Ways you can improve employee engagement for GEN X:
- Foster leadership skills.
- Consider proper compensation and increase compensation regularly with clear, outlined, challenging, yet achievable goals.
- Provide a clear career path outline. Allow them to visualize where their career will lead.
- Coach and guide your employees.
Also known as GEN Y, Millenials are employees who were born between 1981 and the year 1996. They make up about 35% of today's workforce, the largest group of the five. Millennials are the most independent of all the employee generations. They want to "work their way".
They are also the first generation to be ultra-tech savvy (although not as much as GEN Z).
Ways you can improve employee engagement for Millenials:
- Empower them to figure out things on their own (again, nurture their independence).
- NO MICRO-MANAGING (at least don't hover).
- Provide opportunities for self-service. Help impatient employees help themselves.
- Demonstrate that you are as comfortable with technology as they are.
- Don't be afraid to lean on an employee who might understand technology better than you, and learn from them. Show them you value their knowledge and skill set.
Gen Z includes all those born in the year 1997 and after. They make up the smallest percentage of today's workforce, about 5%. Notably, only a small portion of the generation is old enough to work, so this isn't surprising. These are the youngest people in the workforce, including teens.
GEN Z is the most tech-savvy generation to date and is generally very similar to Millenials. You can use the same engagement tactics with both GENs Y and Z. When it comes to GEN Z however, there are many other things that you can do to improve employee engagement.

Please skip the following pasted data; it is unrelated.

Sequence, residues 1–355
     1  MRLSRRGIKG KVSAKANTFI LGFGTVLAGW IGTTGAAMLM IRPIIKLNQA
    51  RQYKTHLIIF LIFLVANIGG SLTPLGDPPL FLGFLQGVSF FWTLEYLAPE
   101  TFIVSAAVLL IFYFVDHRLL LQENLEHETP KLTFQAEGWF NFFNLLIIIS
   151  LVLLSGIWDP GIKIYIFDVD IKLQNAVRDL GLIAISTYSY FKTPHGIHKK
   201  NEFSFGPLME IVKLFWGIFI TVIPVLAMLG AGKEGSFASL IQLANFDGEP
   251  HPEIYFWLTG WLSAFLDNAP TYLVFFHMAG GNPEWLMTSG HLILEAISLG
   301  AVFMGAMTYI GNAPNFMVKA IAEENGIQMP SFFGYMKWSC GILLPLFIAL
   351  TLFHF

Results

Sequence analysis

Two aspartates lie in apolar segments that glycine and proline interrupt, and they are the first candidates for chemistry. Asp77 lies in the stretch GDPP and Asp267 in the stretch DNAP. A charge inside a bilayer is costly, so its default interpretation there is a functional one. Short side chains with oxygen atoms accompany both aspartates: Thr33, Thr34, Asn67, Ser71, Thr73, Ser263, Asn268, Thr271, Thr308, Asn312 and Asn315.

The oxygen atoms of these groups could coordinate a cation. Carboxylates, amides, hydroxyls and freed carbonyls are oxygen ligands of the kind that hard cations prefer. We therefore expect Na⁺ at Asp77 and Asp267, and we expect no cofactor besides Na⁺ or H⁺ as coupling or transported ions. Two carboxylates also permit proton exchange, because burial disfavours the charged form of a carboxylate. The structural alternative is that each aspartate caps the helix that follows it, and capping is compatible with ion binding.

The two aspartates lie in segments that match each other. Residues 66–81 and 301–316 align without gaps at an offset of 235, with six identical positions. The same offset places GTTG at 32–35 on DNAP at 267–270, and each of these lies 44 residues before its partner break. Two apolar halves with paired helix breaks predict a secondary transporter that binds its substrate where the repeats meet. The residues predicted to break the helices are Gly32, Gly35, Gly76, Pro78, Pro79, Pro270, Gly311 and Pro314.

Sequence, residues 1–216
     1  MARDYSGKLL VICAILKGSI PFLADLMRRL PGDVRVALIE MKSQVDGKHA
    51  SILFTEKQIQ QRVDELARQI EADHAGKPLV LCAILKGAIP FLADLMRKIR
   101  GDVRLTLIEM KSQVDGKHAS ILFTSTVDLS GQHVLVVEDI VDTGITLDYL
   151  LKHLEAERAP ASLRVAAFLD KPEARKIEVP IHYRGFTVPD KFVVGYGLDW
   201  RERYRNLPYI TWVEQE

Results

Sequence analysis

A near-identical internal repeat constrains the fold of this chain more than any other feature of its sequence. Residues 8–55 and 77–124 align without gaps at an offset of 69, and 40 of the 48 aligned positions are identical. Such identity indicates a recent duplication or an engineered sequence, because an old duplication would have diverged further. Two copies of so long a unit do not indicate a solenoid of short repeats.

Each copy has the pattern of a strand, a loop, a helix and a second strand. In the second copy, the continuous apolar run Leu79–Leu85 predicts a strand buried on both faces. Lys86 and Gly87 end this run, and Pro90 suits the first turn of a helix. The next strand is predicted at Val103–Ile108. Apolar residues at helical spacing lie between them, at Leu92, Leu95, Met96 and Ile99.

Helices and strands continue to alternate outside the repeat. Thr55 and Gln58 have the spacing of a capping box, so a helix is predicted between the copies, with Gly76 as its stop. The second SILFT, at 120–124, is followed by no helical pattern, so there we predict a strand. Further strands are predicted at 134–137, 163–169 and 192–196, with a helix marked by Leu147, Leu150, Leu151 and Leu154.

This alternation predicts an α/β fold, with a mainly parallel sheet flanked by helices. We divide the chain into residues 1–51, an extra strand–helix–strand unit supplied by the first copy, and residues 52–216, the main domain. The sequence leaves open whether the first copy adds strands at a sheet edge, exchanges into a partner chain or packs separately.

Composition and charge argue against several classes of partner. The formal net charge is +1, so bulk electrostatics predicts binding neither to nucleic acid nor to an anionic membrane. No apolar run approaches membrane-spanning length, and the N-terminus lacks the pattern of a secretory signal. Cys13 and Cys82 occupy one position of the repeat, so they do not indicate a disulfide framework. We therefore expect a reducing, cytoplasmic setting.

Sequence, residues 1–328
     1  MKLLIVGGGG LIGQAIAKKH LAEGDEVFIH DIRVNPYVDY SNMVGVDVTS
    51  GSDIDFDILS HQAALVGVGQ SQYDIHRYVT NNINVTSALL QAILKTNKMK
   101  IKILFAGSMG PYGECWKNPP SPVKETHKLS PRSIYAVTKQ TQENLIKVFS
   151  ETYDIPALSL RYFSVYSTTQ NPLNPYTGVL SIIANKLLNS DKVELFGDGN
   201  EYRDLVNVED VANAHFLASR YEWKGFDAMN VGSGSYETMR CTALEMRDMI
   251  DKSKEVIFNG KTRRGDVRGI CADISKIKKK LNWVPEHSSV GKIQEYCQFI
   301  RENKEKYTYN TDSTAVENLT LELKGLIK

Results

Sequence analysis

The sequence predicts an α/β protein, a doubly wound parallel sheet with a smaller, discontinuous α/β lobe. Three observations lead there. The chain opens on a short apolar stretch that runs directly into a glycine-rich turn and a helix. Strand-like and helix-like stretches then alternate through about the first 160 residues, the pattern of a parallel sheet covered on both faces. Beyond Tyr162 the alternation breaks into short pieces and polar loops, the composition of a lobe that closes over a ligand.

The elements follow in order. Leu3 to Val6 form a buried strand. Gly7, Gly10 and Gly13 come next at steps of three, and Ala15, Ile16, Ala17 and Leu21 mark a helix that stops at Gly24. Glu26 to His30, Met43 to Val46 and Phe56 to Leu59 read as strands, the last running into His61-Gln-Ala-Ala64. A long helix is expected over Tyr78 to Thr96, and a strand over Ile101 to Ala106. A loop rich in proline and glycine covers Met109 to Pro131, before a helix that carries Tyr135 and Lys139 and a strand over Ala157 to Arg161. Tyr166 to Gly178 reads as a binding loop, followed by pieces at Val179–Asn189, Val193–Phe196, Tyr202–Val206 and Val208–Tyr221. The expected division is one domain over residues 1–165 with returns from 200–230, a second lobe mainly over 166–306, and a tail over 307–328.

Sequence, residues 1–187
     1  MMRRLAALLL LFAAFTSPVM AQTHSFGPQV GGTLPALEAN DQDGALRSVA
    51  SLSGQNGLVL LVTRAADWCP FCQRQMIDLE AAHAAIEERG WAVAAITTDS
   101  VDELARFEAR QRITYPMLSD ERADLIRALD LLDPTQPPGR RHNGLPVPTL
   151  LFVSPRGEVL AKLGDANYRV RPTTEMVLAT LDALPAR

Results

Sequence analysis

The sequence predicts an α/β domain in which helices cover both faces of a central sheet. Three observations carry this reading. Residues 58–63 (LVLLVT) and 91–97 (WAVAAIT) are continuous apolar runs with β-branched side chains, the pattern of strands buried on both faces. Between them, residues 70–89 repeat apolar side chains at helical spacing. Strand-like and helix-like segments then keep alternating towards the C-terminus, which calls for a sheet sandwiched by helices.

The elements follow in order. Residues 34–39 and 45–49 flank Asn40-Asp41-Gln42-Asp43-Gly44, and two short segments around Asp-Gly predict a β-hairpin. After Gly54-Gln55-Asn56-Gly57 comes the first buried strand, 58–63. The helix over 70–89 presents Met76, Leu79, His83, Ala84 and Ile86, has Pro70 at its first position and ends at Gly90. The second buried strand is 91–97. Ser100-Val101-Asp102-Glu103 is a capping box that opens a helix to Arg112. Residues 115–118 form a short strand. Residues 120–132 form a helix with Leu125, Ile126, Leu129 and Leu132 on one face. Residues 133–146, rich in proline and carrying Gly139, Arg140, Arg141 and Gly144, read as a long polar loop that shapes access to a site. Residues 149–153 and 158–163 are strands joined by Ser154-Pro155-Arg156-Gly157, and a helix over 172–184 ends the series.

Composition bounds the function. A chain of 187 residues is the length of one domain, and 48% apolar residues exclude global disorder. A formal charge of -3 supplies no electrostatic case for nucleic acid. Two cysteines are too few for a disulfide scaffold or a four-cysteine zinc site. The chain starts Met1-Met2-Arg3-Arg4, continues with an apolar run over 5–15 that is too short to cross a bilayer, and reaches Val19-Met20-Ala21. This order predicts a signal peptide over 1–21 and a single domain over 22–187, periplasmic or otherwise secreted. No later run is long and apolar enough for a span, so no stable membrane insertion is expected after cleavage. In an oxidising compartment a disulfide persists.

Ways you can improve employee engagement for GEN Z:
- Allow for remote/hybrid work. With many GEN Z employees entering the workforce in the time of COVID, remote work has become much easier and desirable for many young employees.
- Think out of the box when it comes to benefits and office amenities. Young employees like light, fun atmospheres.
- Utilize and encourage collaboration.
- Provide a vision for their career path, these young employees are very early in their careers, and thusly very future-focused.
- Don't treat them differently because they are younger. Don't treat them as young adults, or worse patronize them.
Effectively managing age diversity in the workplace, is a big factor in creating a strong sense of employee engagement for your business. Implementing HCM software solutions, like those available through Inflection HR, can greatly improve employee engagement by helping you tackle age diversity in your business, as well as get you over countless other hurdles in front of employee engagement. To see how Inflection HR is already helping countless businesses across countless industries effectively manage age diversity in the workplace, contact us today!